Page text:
NEW HAMPSHIRE EMPLOYMENT LAW LAWYER
NH Employment Law — Everyone wants to work at the perfect job, involving recognition for a job well done, a healthy and productive work environment with coworkers, and a professional and understanding boss. Unfortunately, because some workplaces don’t live up to our expectations, our NH employment law attorneys will aggressively represent you.
It seems unfair if you work hard and play by the rules but your employer does not do the same. There are many reasons why you may need to involve a New Hampshire employment law lawyer such as wrongful termination, harassment, or race, gender or age discrimination. Your rights are protected under state and federal law.
NH Employment Law Lawyers
Most clients who are facing an employment law matter are anxious because not knowing the outcome can be highly stressful. Depending on the outcome, it can impact your career, reputation and family.
Employers can afford to have teams of people working for them to challenge your claim. Don’t be at the mercy of your employer.
New Hampshire Employment Law Attorneys
You want someone with experience and a proven record of success in NH employment law. We think you deserve that and more. You need a law firm to send a clear message to your employer. Our lawyers include a former State Supreme Court and Superior Court judge. He actually wrote the New Hampshire Evidence Manual which is used by judges and lawyers across New Hampshire regarding evidence in court cases.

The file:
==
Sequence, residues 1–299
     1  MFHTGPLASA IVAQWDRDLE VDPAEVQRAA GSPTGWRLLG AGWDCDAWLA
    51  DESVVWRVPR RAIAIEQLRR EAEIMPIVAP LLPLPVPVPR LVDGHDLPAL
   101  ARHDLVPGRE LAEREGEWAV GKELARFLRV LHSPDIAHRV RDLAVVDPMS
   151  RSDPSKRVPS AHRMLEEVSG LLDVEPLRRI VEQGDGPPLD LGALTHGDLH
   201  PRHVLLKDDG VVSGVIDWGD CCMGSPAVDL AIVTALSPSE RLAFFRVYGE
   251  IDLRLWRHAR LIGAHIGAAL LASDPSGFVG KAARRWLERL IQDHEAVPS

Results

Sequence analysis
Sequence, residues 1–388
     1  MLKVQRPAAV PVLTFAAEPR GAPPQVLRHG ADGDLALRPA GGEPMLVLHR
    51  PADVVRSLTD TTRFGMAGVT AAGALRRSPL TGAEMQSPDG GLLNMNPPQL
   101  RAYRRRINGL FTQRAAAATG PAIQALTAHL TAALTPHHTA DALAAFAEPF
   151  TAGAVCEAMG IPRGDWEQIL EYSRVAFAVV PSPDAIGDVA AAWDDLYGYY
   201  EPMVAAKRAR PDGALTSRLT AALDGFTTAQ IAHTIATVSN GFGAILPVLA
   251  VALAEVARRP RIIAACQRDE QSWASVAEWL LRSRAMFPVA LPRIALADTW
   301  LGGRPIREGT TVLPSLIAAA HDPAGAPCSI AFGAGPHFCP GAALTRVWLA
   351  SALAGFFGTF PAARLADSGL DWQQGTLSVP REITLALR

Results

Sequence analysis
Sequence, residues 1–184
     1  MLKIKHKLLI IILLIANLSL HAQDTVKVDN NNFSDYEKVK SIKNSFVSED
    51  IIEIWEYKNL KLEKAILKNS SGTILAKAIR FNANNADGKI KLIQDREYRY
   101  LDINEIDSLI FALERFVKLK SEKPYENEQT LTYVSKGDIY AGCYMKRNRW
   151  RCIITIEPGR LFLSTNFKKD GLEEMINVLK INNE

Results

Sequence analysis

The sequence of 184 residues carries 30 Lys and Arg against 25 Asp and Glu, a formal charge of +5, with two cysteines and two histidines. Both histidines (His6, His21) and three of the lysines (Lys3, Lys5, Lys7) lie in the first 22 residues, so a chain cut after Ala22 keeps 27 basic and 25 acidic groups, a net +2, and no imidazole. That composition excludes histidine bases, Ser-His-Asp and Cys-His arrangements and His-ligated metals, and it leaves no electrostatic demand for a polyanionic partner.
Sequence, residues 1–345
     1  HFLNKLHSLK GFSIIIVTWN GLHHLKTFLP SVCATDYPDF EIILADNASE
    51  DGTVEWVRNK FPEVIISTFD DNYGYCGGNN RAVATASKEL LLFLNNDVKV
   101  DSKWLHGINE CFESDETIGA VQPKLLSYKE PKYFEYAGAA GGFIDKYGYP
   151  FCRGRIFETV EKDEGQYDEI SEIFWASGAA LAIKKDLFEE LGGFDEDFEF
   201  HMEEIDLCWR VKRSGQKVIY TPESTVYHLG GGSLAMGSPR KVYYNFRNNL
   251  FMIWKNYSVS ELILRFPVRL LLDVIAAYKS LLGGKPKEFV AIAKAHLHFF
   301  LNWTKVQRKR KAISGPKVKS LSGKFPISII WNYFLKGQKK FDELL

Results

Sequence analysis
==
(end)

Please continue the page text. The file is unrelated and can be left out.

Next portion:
Once our employment law attorneys are involved, we’ll take immediate action. We’re here to understand the facts and develop solutions that are best for you. This involves interviewing witnesses, consulting experts or preserving other helpful evidence. We’re here to bring an end to your employment problem so you can get on with your life.
Douglas, Leonard & Garvey’s employment lawyers handle many employment law areas, including:
New Hampshire is considered an “employment at will” state, which means an employer can fire an employee without warning for nearly any reason. However, a wrongful termination involves an employer firing an employee for an illegal or discriminatory reason.
Sex discrimination is based on treating an applicant or employee unfavorably because of that person’s sex. Gender discrimination involves interfering with any aspect of employment because of someone’s sex.
It is unlawful to harass an applicant or employee because of that person’s sex. Sexual harassment includes unwelcome sexual advances, requests for sexual favors, and other verbal or physical harassment of a sexual nature.
Pregnancy discrimination involves treating a woman unfavorably because of pregnancy, childbirth or a medical condition related to pregnancy or childbirth. The Pregnancy Discrimination Act (PDA) forbids discrimination or harassment based on pregnancy when it comes to any aspect of employment.
Race and color discrimination forbid treating someone unfavorably because she or he is of a certain race or because of personal characteristics associated with race or because of skin color complexion.